Seinfeld (1989–1998)
9.0/10
2,118
4 user 2 critic

The Jimmy 

Elaine dates a man whose habit of speaking in third person causes a wide array of confusion; George is blamed for the theft of Yankees' sports equipment.

Director:

Andy Ackerman

Writers:

Larry David (created by), Jerry Seinfeld (created by) | 3 more credits »
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Cast

Episode complete credited cast:
Jerry Seinfeld ... Jerry Seinfeld
Julia Louis-Dreyfus ... Elaine Benes
Michael Richards ... Cosmo Kramer
Jason Alexander ... George Costanza
Anthony Starke ... Jimmy
Bryan Cranston ... Tim Whatley
Richard Herd ... Wilhelm
Robert Katims Robert Katims ... Deensfrei
Mel Tormé ... Himself
Alison Armitage Alison Armitage ... Cheryl
Jimmy Bridges ... Paramedic (as J.D. Bridges)
Elan Carter Elan Carter ... Receptionist
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Storyline

The gang has various encounters with a man named Jimmy, who talks about himself in the 3rd person. Elaine asks Jimmy to go to the benefit for the Able Mentally Challenged Adults organization starring Mel Torme. Thanks to Jimmy's shoes and getting too much Novocaine at Whatley's office, Kramer is mistaken for a mentally challenged man when he encounters the head of the AMCA. Jerry suspects Tim Whatley and his assistant are using patients for sexual pleasures when he finds pornographic magazines in Whatley's waiting room and thinks that he was violated while under the gas. George cuts a deal with Jimmy to sell Jimmy's shoes, but Jimmy gets injured thanks to Kramer's drooling. The deal, plus some spicy chicken, also helps Wilhelm accuse George of stealing some of the Yankee's batting equipment. Written by halo1k

Plot Summary | Add Synopsis

Genres:

Comedy

Certificate:

PG | See all certifications »
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Details

Country:

USA

Language:

English

Release Date:

16 March 1995 (USA) See more »

Company Credits

Show more on IMDbPro »

Technical Specs

Runtime:

Sound Mix:

Stereo

Color:

Color

Aspect Ratio:

4:3
See full technical specs »
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Did You Know?

Trivia

George (Jason Alexander) tells Kramer (Michael Richards) he's insane when he tells him he only uses cold water. This shouldn't be a surprise to George though, as back in episode 2.8, Seinfeld: The Heart Attack (1991), Kramer also told George & Jerry (Jerry Seinfeld) that he was off hot water. See more »

Goofs

Kramer (Michael Richards) said that when he met the man in the cab, he'd just been at "The Y" but when the camera shows the gym, the sign says "New York Health Club." See more »

Quotes

Elaine Benes: You can't find beauty in a man?
Jerry: No. I find them repugnant and unappealing.
See more »

Connections

Featured in WatchMojo: Top 10 Seinfeld Episodes (2014) See more »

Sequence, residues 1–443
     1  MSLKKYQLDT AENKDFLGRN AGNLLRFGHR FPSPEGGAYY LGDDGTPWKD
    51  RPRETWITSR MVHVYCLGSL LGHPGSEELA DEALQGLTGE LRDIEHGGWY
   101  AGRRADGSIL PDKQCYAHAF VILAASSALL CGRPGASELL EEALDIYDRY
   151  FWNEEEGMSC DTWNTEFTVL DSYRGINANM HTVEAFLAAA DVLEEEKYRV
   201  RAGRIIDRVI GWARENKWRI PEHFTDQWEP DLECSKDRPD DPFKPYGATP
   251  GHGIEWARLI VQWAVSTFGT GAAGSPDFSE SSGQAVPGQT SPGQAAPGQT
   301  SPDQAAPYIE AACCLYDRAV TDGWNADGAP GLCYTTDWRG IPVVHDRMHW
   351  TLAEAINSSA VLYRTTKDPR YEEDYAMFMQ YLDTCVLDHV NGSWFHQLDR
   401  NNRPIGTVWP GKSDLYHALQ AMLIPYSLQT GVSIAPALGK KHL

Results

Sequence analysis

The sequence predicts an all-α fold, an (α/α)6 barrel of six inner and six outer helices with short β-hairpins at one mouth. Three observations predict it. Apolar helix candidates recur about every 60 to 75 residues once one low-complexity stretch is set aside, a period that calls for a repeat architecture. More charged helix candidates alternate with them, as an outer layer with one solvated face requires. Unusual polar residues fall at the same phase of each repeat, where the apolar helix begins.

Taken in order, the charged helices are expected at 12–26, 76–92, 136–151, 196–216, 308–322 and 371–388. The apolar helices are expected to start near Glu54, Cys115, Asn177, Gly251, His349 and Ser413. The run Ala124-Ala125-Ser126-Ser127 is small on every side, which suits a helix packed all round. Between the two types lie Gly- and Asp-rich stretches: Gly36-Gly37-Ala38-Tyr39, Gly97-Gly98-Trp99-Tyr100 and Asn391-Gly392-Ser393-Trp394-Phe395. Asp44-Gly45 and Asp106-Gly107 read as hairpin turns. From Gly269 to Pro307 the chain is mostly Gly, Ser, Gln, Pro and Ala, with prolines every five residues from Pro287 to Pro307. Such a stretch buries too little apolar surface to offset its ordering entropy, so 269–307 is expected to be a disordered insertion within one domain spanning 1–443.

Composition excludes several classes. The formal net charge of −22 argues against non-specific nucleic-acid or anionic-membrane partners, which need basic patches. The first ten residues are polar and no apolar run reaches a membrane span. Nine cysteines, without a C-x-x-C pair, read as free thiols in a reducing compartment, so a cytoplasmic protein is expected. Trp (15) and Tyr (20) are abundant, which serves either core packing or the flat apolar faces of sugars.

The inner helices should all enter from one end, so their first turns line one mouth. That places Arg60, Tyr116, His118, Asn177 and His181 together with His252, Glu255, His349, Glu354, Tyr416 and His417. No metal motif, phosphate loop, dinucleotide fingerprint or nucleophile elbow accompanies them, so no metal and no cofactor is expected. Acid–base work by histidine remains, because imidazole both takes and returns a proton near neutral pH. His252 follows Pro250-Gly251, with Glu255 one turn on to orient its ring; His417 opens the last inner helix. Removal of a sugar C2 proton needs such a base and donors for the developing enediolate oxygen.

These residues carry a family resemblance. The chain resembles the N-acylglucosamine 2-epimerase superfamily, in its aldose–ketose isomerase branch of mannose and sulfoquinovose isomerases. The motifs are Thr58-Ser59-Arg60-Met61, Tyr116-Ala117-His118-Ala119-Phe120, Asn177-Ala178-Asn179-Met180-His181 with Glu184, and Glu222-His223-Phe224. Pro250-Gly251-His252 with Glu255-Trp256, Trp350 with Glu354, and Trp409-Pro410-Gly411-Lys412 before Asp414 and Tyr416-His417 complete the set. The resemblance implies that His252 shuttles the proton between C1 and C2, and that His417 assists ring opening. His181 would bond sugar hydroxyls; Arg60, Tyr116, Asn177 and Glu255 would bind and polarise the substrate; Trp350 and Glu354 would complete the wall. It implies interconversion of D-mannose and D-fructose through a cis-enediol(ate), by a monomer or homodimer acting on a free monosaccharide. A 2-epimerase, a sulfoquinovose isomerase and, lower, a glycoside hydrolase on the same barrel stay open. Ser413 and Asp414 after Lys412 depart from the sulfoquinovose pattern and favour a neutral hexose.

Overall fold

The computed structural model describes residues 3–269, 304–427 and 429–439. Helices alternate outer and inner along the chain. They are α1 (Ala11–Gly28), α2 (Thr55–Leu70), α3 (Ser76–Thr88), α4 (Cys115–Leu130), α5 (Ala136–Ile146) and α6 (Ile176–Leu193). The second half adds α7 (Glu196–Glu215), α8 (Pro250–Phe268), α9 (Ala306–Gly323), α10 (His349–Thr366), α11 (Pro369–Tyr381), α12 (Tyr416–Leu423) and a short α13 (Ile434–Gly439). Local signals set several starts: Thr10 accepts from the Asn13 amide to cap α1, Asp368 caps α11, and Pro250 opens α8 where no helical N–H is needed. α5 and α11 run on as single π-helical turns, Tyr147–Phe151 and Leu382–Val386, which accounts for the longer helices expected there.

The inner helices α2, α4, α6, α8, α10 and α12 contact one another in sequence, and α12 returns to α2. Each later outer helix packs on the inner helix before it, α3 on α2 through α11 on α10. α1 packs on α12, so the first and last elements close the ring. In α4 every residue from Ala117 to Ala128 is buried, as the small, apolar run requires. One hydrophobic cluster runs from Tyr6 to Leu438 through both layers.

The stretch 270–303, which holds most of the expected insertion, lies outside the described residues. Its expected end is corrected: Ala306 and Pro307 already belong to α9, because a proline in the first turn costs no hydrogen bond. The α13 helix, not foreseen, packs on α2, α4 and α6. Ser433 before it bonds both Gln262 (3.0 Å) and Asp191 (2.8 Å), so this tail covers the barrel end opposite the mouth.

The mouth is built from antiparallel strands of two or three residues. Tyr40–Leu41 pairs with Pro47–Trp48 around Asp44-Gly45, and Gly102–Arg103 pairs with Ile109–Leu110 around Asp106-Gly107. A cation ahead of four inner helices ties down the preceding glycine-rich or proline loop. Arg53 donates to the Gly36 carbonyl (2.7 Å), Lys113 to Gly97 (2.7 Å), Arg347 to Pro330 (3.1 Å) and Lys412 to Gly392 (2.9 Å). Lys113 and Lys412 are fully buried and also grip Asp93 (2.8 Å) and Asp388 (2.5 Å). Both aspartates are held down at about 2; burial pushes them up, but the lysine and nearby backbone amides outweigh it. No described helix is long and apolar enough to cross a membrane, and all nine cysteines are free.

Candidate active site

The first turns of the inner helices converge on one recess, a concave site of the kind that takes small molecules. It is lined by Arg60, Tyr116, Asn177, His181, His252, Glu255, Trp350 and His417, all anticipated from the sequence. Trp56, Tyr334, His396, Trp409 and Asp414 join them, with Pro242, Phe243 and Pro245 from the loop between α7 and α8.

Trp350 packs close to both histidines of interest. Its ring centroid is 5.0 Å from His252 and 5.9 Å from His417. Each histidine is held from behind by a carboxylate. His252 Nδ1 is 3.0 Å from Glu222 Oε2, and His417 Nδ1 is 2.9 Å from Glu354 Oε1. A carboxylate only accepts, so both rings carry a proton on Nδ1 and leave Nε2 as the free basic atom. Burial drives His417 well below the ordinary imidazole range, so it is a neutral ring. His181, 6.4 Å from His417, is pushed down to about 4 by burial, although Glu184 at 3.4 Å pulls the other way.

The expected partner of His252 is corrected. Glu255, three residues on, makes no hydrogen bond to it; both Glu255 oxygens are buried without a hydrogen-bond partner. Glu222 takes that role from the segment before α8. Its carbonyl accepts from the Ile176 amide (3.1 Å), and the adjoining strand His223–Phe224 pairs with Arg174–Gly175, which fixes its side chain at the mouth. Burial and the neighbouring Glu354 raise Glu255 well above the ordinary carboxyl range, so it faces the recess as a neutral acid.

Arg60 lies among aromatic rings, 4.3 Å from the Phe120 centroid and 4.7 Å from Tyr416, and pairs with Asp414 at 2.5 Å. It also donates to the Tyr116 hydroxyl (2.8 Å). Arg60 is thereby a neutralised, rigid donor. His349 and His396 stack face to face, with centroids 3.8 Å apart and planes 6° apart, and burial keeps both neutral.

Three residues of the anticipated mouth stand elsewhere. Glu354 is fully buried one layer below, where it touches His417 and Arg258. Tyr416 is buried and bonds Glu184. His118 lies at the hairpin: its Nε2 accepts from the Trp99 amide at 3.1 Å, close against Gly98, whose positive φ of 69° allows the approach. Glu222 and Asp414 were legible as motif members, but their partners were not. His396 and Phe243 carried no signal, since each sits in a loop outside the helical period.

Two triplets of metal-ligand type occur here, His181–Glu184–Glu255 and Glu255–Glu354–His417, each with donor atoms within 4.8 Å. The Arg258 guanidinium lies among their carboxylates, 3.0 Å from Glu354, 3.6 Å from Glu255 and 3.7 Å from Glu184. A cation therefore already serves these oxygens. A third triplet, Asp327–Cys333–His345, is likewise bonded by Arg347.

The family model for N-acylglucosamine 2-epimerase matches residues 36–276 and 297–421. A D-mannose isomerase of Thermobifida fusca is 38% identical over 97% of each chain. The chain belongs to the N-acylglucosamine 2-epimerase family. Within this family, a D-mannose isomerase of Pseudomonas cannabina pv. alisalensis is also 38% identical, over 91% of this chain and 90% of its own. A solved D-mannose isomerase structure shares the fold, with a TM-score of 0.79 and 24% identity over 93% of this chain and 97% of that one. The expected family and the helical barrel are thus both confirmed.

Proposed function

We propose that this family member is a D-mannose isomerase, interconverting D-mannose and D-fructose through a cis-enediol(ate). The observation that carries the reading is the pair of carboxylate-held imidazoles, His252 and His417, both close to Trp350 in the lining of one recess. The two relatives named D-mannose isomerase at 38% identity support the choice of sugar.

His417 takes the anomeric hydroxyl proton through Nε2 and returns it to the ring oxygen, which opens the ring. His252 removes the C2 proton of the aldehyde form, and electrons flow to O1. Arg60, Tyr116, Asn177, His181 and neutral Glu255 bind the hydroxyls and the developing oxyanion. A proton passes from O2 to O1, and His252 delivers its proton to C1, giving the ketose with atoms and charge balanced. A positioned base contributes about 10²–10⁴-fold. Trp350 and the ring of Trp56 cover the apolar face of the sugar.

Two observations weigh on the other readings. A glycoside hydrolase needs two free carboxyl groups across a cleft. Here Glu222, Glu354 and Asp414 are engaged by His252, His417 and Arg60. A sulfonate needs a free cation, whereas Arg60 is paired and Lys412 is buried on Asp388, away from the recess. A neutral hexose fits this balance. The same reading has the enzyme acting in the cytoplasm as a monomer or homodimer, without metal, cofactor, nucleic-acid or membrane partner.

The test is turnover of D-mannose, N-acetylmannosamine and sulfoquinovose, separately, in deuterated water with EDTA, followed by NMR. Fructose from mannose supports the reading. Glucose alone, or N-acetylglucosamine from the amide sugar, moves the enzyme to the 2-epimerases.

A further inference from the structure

Soundtracks

Seinfeld Theme Song
Written by Jonathan Wolff
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User Reviews

repugnant and unattractive..
30 June 2019 | by Arth_JoshiSee all my reviews

Seinfeld

Larry David and Jerry Seinfeld, the creators, of the dream sitcom for every stand up artist is the milestone set as an example on how to use your humor as a part of narrative. The series was clearly ahead of its time and fixated within that time limit when it was aired- or maybe not even then. This is how the series both remains timeless and also fails to test against time. The concept of the series- in fact there is an episode, where the series takes an almost meta turn, whispering the secretive meeting held within the confound of NBC walls about the pitch- is to just joke, just talk, analyse with a mockery tone, bombing brutally on a subject from the most privileged position under that circumstances. There is no storyline, no character development, no arc, no rhythm to follow. Usually, a film like such becomes more than a film with such an idea; take the Life Of Brian series. And similarly the series refuses to participate in the expected or not even expected aspects of the storytelling.

There is no end, no beginning, it captures a brief period with an agenda in mind that you will have the time of your life. But this is where this coherent plan backfires. First the runtime itself. Something so monotonous cannot withhold its audience for nine years. It is simply preposterous. For the style of the joke, the humor, the vocab of these characters, if as-planned is intended to be the same, will grow natural or normal to the viewers. This makes the relationship between the viewers and the characters, similar to what the viewers have in the outer world, maybe a friend or a family member.

Basically it would never be interesting, sure some cases would come up, just as chapters does in here, but that too will carry the momentum of just that brief period of screentime. Another major challenge it faces is, in order to stay far away from the textbook sitcom structure, the character has to and does deny on getting on or blending in with the society. Now that's fine. But in order to last longer they had to create an unfair world that takes uncalled detours just for the laughs, ignoring both emotional and ethical aspect of it, resulting into a physical distance that you, as an audience, carry for the rest of the series. By the end, it gets difficult to survive and something so beloved, something so smart, Seinfeld is left under a dry heap of jokes.

The Jimmy

They do use the core of the theme, even though textbook, but smoothly in the narration. But let's be honest, how fascinating is this idea that they are bombarding us as a funny pitch, the meeting shouldn't have lasted this long.


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